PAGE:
Mapping the Moon
This is an exploratory study in mapping the moon and all the implications it entails in order to achieve a map of the moon within OpenStreetMap.
The moon is an oblate spheroid, like the Earth; however, it is unlike the Earth in that it is much smaller and with a different geoid -- or if you will, lunoid -- so the default projection most OSM software assumes (WebMercator) does not apply. Changing the projection stack may be an opportunity to use a seamless geodesy (lunadesy) scheme, avoiding such problems as those analogous to 180th meridian and others.
A lunar planet file (er, satellite file) would likely be much smaller than the Earth's.
Currently OSMwiki is being used for this brainstorming; however, another wiki host may be more suitable in the future.
For mapping the earth there is no need to add features based on a geologic time scale as it wouldn't add much to the existing database. After all we don't recognize natural features based on their Archean or Proterozoic age but based on how they look.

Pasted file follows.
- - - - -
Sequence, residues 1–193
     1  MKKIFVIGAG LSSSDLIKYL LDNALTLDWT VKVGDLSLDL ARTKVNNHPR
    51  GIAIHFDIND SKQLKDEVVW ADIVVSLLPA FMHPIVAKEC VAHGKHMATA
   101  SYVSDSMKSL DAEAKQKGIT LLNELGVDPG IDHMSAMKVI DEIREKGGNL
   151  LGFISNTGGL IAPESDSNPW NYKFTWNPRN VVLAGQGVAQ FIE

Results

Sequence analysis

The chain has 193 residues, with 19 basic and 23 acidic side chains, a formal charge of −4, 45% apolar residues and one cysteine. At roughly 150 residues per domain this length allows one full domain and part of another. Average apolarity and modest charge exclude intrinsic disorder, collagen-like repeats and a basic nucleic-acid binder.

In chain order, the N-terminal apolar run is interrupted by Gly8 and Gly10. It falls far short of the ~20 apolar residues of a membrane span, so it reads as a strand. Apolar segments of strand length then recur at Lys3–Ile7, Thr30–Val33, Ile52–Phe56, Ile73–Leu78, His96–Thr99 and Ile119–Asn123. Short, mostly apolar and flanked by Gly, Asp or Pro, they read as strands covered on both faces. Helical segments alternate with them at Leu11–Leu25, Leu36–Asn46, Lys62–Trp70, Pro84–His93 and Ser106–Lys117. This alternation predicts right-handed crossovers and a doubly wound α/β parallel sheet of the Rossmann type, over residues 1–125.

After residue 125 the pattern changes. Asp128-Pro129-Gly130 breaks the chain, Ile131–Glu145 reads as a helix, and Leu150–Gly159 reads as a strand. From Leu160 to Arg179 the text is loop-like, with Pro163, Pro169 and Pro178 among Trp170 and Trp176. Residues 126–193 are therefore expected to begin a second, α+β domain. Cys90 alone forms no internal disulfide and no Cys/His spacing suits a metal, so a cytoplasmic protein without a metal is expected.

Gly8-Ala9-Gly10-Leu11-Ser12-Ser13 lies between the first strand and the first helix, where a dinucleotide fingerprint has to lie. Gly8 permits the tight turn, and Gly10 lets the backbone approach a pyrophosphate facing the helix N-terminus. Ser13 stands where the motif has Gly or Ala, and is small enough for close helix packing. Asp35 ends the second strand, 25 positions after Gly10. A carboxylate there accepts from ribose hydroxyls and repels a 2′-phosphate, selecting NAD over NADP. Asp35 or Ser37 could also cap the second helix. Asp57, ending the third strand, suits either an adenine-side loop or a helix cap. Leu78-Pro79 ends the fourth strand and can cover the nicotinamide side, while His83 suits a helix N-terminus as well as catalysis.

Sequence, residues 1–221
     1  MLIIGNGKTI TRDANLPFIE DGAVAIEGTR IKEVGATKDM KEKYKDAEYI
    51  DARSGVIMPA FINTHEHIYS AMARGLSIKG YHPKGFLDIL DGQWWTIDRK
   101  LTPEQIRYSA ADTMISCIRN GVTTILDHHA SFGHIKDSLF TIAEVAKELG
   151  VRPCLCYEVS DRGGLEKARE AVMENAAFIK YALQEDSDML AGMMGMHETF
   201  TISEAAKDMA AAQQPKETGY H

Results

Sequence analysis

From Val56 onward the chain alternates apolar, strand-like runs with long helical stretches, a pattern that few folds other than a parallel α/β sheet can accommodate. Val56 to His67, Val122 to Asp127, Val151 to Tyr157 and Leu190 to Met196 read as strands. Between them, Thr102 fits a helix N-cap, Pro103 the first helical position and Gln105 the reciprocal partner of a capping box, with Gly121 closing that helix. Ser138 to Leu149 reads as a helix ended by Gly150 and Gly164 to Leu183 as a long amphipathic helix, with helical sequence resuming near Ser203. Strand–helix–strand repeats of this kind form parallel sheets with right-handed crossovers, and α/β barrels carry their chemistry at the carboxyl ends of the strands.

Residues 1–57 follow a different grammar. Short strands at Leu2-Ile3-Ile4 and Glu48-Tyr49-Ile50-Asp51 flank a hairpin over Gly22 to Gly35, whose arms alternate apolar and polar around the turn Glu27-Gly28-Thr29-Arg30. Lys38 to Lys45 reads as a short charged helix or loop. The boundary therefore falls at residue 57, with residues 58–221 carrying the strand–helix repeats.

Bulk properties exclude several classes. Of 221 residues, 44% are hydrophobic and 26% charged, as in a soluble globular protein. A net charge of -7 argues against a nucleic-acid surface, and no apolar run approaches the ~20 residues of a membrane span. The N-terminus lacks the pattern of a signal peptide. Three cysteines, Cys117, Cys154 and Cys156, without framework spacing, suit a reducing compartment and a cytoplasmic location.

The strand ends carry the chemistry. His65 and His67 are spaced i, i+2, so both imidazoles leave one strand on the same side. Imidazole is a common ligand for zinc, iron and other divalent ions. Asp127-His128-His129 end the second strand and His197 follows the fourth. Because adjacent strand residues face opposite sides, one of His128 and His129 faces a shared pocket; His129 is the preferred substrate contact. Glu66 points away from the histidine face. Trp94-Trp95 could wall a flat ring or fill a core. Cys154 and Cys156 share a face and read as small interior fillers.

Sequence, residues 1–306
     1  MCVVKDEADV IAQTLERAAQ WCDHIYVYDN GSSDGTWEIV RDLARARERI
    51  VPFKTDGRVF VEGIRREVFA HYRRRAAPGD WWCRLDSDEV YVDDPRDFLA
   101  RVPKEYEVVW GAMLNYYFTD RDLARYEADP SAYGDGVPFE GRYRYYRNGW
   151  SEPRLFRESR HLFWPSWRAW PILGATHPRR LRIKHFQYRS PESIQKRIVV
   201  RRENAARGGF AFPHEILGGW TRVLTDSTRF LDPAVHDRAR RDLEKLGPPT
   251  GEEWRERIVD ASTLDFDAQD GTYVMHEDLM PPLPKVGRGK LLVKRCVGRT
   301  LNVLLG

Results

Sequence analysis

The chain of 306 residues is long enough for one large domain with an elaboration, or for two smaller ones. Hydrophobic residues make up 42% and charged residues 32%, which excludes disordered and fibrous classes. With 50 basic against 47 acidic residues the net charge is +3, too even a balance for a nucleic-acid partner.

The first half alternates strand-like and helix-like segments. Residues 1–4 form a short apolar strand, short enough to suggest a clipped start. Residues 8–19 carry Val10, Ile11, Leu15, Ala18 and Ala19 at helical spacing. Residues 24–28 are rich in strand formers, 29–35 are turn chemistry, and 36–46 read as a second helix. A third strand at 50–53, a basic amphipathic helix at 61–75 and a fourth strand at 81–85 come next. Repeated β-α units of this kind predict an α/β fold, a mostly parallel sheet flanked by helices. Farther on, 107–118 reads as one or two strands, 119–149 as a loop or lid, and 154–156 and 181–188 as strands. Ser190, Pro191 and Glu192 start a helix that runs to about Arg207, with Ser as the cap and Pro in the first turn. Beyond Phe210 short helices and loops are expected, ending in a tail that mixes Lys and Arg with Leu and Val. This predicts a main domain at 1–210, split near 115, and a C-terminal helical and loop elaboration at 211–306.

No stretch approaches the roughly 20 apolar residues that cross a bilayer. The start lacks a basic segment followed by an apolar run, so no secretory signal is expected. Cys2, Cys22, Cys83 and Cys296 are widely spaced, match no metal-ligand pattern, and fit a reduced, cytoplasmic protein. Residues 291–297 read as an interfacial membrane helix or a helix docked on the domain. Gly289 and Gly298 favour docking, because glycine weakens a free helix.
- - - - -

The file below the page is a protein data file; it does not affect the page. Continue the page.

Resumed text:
However differentiating between different terrain types based on how they look is a lot more difficult for the moon because the features can look alike and are difficult to survey.
We could use the geologic timescale (selenolical timescale) in combination with how the natural features look as a way to differentiate between various terrain types.
This would be fairly similar to the 'Unified Geologic Map of the Moon' from the Department of the Interior United States Geological Survey found here.
Maria (lowlands) Terrae (highlands)
Pre-Nectarian / Nectarian / Early Imbrian / Late Imbrian / Eratosthenian / Copernican
There is a list of artificial objects on the Moon with coordinates that may be mapped. Possible tagging: man_made=spacecraft with status tags condition=intentionally_crashed, condition=crashed, condition=not_operational, condition=operational.
OSM uses a Pseudo-Mercator projection where the Earth is modelized as if it was a perfect a sphere1.
The moon is 27% the size of the earth, would this Pseudo-Mercator projection give a satisfactory map display of the moon?
The background colour used for earth is
#F2EFE9, this is a neutral colour without any specific relation to any earth-like looking colours.
For the moon there is a distinct grayscale colour scheme we could use as a default background colour.
Based on photo's from the moon 4 hex values have been chosen as possible colours, these examples are from light to dark:
- Would a moonlike colour be preferred or a more distinct colour in order to be able to visually detect incorrect or missing geodata?
- And if so would
#F2EFE9be distinct enough?